Scottish independence: SNP considers inflation-based minimum wage but stops short of living wage

 

Political Editor

The minimum wage in Scotland could rise in line with prices each year if the country votes for independence in September, the Scottish National Party has said.

The SNP pledged to set up a commission to consider a Scottish minimum wage which would rise "at least in line with inflation". It estimated that 150,000 people could be better off under the proposals.

The party said its research suggested that, if the inflation link had been introduced five years ago, the lowest-paid Scots would be up to £675 better off. The level minimum wage, currently £6.31 an hour, is recommended by the Low Pay Commission but has not kept pace with the cost of living since 2008.

Christina McKelvie, a SNP member of the Scottish Parliament, said: "We know one of the key drivers of poverty is earnings, which is why we would use the powers of independence to set a Scottish minimum wage guarantee. A minimum wage that rises - at the very least - in line with inflation.”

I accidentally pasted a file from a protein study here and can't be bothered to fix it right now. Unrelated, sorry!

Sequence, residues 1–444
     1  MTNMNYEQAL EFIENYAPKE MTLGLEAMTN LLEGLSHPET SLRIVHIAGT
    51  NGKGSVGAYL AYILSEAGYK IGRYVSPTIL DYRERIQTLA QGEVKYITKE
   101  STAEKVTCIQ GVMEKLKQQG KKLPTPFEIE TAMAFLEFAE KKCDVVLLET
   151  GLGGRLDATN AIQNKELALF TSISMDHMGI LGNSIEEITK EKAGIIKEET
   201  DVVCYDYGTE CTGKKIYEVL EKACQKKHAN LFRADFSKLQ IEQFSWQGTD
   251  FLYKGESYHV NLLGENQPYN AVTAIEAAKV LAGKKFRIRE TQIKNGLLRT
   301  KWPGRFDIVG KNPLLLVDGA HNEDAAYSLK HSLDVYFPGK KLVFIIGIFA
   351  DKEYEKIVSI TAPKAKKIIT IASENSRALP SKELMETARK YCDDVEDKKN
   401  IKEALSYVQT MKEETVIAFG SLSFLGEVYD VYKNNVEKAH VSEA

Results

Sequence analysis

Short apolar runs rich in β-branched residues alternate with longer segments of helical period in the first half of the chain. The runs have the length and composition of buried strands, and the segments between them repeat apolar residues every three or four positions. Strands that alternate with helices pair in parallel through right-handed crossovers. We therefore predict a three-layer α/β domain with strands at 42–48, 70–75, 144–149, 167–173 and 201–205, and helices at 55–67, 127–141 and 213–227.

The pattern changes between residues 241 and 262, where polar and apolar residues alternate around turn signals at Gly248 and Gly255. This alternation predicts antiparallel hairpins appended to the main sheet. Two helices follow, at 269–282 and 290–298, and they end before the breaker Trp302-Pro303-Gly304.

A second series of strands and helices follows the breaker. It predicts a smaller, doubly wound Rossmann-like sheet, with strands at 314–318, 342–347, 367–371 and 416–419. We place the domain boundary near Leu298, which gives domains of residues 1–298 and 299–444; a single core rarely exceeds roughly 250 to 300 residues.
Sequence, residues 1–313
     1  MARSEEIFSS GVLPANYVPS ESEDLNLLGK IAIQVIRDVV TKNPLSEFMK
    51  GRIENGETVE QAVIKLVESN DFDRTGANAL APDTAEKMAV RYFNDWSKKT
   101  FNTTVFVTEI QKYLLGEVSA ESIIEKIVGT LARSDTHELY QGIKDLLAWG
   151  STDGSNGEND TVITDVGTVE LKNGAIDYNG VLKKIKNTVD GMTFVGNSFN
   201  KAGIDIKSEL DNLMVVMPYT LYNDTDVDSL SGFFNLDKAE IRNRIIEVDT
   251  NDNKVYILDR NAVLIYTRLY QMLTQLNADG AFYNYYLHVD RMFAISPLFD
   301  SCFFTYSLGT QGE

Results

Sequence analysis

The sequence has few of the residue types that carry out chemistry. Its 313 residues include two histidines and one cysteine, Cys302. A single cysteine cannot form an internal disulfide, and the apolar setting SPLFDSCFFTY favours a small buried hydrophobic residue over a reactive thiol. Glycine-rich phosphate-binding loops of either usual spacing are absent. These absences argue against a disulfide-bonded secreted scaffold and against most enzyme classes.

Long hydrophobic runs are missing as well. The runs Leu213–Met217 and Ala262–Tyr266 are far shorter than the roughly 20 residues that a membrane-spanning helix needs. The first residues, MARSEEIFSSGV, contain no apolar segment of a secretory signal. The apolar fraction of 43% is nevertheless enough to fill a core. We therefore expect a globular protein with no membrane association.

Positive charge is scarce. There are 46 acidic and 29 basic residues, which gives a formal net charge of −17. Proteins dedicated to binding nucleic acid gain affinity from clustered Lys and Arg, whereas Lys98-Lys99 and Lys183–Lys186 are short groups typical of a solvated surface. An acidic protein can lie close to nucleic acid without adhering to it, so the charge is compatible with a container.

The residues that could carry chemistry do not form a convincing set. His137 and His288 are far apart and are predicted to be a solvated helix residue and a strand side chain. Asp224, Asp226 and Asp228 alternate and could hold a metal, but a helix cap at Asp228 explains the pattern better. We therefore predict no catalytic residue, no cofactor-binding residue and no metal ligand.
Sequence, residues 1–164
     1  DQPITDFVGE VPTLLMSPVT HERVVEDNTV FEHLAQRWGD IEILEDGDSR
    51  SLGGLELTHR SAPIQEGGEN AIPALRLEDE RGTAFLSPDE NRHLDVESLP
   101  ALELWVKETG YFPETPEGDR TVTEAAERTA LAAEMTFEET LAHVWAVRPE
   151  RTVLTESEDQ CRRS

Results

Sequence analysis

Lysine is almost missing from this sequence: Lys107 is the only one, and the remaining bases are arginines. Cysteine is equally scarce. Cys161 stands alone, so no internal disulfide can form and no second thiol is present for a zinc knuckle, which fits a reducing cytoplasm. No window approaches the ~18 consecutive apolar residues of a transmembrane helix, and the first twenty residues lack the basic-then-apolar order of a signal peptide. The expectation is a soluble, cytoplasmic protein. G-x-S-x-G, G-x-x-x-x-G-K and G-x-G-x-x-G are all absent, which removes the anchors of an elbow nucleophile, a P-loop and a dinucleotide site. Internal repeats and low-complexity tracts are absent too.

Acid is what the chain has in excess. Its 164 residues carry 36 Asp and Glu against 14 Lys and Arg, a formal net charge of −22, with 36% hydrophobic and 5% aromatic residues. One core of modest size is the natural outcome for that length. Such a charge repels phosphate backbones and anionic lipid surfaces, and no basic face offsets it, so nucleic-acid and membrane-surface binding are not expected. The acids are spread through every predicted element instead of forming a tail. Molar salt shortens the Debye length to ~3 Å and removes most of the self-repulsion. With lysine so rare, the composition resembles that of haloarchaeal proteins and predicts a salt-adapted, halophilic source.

However, the SNP stopped short of backing proposals by an advisory group to the Scottish Government last month that it should seek to raise the legal minimum to equal the £7.65-an-hour “living wage”.

Iain Gray, Scottish Labour’s finance spokesman, accused the SNP of promising "jam tomorrow" and making “more vague promises.” He said the SNP should have supported a Labour amendment in the Scottish Parliament to make the £7.65-an-hour living wage part of all public sector contracts, which was defeated in March.

Business leaders expressed concern about the SNP's plan. The CBI said Scotland would need an expert body that could set rates above or below the rate of inflation like the Low Pay Commission.

“We believe that politically set minimum wages often fail to take into account the need to balance raising wages with avoiding higher unemployment caused by making creating jobs more expensive,” said a spokesman.

David Watt, director of the Institute of Directors in Scotland, said governments should not consider higher pay alone a solution to poverty and that a “fundamental review” of welfare and taxation was needed.

The Federation of Small Businesses in Scotland said: “We don’t unconditionally support inflationary increases. Other factors also need to be considered.”

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